Buffett’s Billion-Dollar Bungle, Apple’s Peeling Production & The Lidar Linkup
Buffett Blowing Up Berkshire
Great Ones, we always hear about how you should invest like Warren Buffett. The financial media calls him the “Oracle of Omaha,” and some even list Buffett as one of the greatest investors of all time.
There is some truth to Buffett’s legend. I mean, he is worth more than $100 billion … and he did make his money before the dot-com booms and the massive tech rallies of the modern age.
But I have some news for all you Buffett fanboys out there … the guy is human just like the rest of us. He makes investing mistakes … sometimes really big ones.
Proof or it didn’t happen, Mr. Great Stuff!
I got yer proof right here!
But I read that Berkshire reported a profit for Q3. What’s up with that?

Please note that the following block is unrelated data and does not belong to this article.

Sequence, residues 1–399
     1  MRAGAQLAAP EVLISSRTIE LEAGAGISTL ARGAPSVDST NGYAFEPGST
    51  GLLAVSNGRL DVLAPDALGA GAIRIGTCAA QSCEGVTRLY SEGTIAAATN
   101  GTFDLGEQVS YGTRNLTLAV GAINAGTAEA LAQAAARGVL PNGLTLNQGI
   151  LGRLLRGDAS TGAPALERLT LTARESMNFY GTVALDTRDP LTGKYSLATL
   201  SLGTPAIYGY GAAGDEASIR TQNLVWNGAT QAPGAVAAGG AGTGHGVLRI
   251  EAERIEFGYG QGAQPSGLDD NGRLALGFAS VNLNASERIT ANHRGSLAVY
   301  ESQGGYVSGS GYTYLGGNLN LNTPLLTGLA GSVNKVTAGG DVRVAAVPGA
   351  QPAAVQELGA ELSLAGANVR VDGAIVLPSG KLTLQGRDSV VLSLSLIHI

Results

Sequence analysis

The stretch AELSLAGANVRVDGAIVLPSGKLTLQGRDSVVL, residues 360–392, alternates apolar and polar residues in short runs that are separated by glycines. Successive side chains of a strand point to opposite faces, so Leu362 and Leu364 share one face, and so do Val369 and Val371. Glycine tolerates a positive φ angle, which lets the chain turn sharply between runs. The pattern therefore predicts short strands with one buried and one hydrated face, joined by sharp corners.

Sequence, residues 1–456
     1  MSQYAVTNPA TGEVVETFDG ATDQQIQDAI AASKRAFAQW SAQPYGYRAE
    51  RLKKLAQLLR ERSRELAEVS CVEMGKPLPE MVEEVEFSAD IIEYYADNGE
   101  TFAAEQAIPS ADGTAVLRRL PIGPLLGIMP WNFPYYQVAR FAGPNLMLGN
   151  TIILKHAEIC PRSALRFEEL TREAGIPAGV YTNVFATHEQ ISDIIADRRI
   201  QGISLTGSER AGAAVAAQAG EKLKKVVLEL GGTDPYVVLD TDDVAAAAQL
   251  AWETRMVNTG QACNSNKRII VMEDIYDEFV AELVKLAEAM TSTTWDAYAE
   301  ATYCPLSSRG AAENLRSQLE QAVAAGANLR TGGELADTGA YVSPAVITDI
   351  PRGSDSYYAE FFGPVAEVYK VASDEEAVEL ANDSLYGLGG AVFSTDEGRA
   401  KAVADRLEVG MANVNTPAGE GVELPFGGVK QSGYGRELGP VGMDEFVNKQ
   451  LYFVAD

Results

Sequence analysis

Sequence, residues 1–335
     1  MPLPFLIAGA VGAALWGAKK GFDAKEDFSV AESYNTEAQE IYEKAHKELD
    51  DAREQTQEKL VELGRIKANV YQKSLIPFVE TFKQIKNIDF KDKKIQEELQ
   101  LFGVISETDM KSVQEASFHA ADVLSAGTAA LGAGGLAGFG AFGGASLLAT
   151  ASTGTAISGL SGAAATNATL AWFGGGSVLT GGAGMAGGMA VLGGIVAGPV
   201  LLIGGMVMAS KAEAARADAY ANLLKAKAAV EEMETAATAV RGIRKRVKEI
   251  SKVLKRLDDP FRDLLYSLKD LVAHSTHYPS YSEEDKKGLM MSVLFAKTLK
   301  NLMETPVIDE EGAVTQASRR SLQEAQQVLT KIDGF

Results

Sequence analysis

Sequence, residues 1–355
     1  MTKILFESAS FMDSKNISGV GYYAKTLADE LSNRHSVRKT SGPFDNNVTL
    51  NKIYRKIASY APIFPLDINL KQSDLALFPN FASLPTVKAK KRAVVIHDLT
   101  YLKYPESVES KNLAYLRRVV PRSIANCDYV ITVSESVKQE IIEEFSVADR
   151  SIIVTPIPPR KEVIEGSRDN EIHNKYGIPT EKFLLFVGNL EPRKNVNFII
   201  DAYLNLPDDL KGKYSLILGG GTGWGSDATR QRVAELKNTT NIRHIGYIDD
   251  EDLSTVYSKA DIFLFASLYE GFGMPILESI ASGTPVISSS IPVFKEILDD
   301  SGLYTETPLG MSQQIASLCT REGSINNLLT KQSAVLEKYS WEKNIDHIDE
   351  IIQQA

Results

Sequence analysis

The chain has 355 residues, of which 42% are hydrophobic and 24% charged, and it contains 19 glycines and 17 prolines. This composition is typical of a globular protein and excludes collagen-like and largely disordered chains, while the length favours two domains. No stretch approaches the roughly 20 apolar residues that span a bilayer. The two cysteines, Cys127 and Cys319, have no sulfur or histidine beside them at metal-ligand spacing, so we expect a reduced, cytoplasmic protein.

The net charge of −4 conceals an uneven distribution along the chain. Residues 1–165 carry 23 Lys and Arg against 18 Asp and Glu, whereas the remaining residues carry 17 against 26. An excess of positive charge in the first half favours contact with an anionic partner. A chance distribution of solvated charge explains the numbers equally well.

This is a tale in two parts for Berkshire. The first part is operating earnings and revenue — i.e., a report on how the company itself fared during the quarter.
On the operating front, Berkshire said that earnings rose 20% to $7.76 billion. I’m not gonna lie, that’s pretty impressive considering that Berkshire’s business operations include insurance, railroads and utilities — all market sectors that have been under pressure in 2022.
Berkshire also said that it repurchased $1.05 billion in shares last quarter … so, like two BRK.A shares, right? I’m only slightly joking… BRK.A last traded at about $436,205.53 per share. So about 3,440 BRK.A shares or so.
I still don’t see how this means that Warren Buffett is a normal investor like me.
That’s because we haven’t gotten to part two yet. Geez…